MORE NEWS & ARTICLES

September 21, 2022

For directors, it’s essential to understand a company’s finances and anticipate

September 20, 2022

Success with sustainability requires directors to drive bold action in a decisi

September 19, 2022

The practice will only grow as disclosure of climate-related data becomes more

September 16, 2022

Advanced preparation and optimal board personnel are key if you want to avoid a

September 14, 2022

There is now more flexibility for Delaware corporations to delegate equity awar

DIRECTORS ROSTER

Mirion Technologies Inc.
Consolidated Communications Holdings Inc.
Broadmark Realty Capital Inc.
Ethan Allen Interiors Inc.

FEATURED DIRECTOR

Is your board really looking after shareholders' interests?

Surprisingly, many private company boards pay little attention to perhaps their most important function, maximizing realized shareholder value. Despite their legal and fiduciary responsibility to exercise this function, boards often fail to give it much attention. My experience from serving on 14 different boards is that this issue is seldom even on the agenda! 


George Isaac is founder and president of GAI Capital Ltd. (www.georgeisaac.com). He has 30 years of experience as a family business CEO, board member, consultant and executive coach and has served on 14 boards of public and private companies ranging in size from $30 million to $1 billion. He advises clients on succession planning, board and family governance, family dynamics, operating performance improvement, and wealth realization and protection strategies. The author can be contacted at gisaac@gaicapital.com.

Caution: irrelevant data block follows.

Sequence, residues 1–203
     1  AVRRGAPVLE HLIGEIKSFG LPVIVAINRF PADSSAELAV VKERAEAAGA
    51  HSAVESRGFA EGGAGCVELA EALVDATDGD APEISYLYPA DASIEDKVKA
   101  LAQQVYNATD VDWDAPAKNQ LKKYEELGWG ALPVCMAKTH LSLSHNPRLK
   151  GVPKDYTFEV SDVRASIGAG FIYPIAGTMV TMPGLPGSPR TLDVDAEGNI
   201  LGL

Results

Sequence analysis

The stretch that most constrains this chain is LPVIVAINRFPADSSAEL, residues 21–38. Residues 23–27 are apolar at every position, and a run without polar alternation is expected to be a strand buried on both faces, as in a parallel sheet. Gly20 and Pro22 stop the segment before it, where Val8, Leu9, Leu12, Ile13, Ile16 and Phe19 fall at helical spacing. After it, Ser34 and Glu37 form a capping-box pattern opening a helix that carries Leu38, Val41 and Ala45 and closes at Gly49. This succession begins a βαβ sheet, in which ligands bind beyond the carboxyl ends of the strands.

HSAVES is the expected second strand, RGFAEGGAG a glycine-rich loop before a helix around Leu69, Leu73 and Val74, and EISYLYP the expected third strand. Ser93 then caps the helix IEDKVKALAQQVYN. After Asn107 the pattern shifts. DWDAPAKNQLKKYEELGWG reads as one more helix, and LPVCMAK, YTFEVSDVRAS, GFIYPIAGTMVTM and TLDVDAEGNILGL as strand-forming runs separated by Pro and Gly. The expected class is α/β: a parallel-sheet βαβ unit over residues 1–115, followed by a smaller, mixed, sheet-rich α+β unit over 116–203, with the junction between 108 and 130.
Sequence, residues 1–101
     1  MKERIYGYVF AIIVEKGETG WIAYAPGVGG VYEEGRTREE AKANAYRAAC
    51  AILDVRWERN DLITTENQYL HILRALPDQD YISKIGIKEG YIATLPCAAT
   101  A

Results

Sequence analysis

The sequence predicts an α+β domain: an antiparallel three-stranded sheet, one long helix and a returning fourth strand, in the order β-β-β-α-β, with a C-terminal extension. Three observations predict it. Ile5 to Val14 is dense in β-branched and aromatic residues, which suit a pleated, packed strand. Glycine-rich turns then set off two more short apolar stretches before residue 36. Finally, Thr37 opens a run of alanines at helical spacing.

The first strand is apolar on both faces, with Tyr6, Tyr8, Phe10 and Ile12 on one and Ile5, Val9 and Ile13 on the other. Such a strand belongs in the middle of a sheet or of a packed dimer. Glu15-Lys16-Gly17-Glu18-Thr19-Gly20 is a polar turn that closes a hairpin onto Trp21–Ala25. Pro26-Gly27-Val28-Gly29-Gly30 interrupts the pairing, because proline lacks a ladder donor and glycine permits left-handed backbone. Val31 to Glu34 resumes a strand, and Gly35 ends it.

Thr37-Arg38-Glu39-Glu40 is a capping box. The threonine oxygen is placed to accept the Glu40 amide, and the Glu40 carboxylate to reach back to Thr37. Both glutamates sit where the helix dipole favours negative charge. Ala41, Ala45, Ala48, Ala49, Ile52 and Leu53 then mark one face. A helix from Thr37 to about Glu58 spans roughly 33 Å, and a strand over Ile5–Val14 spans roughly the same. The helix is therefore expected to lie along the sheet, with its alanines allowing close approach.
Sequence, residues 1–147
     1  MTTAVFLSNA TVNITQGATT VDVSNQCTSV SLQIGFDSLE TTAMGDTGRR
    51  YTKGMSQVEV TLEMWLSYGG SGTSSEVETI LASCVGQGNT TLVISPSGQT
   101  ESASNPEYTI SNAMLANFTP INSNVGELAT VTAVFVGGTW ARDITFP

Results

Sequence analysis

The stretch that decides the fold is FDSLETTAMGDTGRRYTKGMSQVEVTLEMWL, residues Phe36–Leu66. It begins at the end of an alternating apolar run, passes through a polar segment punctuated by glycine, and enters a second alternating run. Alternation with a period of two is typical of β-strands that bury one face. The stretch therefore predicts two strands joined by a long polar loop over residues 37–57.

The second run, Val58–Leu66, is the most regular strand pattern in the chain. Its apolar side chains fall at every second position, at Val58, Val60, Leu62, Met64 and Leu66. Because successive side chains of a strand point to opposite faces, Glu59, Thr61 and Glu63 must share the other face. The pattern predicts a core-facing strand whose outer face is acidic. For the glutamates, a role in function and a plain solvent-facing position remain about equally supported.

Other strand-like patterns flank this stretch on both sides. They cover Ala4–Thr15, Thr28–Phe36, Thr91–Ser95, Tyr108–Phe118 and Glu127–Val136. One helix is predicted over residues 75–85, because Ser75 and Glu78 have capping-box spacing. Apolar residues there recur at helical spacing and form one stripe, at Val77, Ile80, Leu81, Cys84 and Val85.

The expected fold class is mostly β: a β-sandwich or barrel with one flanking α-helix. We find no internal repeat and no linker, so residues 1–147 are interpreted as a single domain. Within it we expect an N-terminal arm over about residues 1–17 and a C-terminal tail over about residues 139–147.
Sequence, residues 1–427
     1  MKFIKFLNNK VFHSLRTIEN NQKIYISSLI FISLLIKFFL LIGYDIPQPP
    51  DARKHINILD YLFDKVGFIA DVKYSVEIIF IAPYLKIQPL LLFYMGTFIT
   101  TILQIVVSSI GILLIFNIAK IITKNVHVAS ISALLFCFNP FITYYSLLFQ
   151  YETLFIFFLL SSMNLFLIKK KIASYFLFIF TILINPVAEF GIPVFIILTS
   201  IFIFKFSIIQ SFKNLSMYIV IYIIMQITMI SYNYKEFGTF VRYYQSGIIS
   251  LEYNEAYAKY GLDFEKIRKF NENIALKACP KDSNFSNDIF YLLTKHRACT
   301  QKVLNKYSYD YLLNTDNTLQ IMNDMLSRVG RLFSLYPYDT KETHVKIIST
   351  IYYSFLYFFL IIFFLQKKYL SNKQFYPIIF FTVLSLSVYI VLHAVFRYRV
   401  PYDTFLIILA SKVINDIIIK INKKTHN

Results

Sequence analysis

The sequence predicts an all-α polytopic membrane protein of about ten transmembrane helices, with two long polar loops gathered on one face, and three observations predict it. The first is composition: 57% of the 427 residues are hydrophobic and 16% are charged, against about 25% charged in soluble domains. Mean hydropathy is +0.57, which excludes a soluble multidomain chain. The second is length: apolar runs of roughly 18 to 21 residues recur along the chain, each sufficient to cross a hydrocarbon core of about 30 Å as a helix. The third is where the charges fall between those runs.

Do you want hands-on board members? Yes

 

In an environment of increasing global competition, constant technological innovation, and greater shareholder activism, public company CEOs who partner with hands-on, active board members can better drive equity value creation.


Eric Salzman is the managing member of SarniHaan Capital Partners, a consulting firm he established to target special situation investment opportunities and serve as an active board member at both public and private equity-owned companies. He has extensive experience as a private equity investment professional, buy-side analyst, special situations portfolio manager, and restructuring professional. Over the past six years he has served as a board member, advisory board member, and/or board observer to 12 public and private companies in a range of sectors including technology, telecommunications, healthcare, energy and industrials. He currently serves as an independent director at two public and three private companies. The author can be contacted at eric@sarnihaan.com.

The Directors & Boards Survey: 2014 Top Corporate Governance Law Firms